Thai police have dropped their investigation and hunt for a foreign tourist who stole ฿2,000 from a Thai woman on Monday June 10th. This development came after the UK man involved in the incident, on Thursday, voluntarily came forward to resolve the matter after days of negative media coverage into his despicable and dishonest actions at the Friendship Supermarket in Pattaya this week.
The man can now be identified as Charles Edward Coote, a 79 year old UK tourist from East London who has been staying in Pattaya on Soi 17 in the city’s well known and extensive red light district for the last two months. The UK man is understood to have made contact with the victim of the crime, 32 year of Jeab or Ms Pratumrat Maymum whose money he stole on Monday. The theft of the money occurred when Coote concealed it from her gaze by sneakingly placing his sandaled foot over the two ฿1,000 notes which had slipped from the Thai woman’s purse. She was ahead of him in the check out and did not notice his actions as she paid her bill and interacted with the busy cashier.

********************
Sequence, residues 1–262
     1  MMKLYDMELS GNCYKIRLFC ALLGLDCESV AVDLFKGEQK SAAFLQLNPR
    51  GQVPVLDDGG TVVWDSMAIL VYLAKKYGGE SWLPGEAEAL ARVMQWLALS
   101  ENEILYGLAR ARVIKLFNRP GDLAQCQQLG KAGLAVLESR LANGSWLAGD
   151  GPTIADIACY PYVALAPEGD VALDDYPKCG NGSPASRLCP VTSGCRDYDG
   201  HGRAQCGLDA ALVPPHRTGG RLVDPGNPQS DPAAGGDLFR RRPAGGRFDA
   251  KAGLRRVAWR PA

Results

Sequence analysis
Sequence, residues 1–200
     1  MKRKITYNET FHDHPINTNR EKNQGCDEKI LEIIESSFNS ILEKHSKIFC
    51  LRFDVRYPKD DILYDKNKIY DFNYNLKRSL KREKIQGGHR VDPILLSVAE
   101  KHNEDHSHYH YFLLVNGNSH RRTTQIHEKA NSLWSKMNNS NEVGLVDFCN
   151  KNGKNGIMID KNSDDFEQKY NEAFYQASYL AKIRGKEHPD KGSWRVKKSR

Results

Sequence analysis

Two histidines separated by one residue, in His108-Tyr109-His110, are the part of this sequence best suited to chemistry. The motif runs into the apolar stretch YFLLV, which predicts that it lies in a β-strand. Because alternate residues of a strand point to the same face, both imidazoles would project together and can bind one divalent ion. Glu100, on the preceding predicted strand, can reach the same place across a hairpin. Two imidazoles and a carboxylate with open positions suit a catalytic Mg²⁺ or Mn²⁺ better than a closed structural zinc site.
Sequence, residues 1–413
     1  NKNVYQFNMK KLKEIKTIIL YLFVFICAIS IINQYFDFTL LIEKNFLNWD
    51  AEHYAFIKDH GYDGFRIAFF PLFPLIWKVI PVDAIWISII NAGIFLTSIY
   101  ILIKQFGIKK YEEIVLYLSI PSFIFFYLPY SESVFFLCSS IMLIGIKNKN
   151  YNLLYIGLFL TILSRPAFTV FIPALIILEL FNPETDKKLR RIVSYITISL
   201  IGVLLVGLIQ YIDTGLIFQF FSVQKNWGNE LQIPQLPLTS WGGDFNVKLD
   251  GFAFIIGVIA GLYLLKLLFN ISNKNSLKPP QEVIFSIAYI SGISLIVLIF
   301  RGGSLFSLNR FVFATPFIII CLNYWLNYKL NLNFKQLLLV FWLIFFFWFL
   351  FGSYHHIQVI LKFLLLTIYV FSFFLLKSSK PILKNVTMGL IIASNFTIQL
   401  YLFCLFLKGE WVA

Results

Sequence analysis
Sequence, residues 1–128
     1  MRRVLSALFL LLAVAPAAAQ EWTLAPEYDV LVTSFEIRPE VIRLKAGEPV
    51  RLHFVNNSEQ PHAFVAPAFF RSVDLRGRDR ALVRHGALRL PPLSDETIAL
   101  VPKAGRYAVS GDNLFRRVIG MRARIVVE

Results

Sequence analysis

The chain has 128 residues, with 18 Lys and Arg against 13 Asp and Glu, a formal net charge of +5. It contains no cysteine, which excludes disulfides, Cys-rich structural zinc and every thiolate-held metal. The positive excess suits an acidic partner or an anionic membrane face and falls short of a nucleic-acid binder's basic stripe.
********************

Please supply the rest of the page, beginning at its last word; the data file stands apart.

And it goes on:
Law in respect of property at a lower level is still upheld in Thailand unlike in a growing list of areas in the UK and Europe.
Thai law differs quite a bit from western jurisprudence and certainly so in today’s degraded era of law enforcement, particularly in the United Kingdom where Mr Coote hails from. He is reported to be from Barking in East London. In recent years, UK police have told small business owners and property owners that they will no longer respond to theft incidents with a monetary value of less than £150. This is also a trend in other European countries where police are now deployed to other ‘priorities’ that are considered a more significant threat to society. It has led to many business owners and even private property owners in London employing their own security or police services.